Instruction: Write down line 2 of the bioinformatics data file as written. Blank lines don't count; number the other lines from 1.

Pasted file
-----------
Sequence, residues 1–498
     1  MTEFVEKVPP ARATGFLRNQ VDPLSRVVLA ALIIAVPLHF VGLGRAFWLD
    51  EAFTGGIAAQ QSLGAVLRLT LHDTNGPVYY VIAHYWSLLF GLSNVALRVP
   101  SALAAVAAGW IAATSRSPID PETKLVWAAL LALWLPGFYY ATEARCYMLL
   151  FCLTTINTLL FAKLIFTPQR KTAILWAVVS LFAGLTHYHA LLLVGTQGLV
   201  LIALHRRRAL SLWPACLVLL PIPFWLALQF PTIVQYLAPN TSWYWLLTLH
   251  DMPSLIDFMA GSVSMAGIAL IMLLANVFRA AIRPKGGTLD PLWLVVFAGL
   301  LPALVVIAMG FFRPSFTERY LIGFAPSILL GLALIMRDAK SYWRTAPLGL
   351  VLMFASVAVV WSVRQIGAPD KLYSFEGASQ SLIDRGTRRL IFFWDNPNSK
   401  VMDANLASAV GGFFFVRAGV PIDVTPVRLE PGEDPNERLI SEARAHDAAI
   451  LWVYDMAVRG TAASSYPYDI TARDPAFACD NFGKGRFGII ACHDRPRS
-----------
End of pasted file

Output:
     1  MTEFVEKVPP ARATGFLRNQ VDPLSRVVLA ALIIAVPLHF VGLGRAFWLD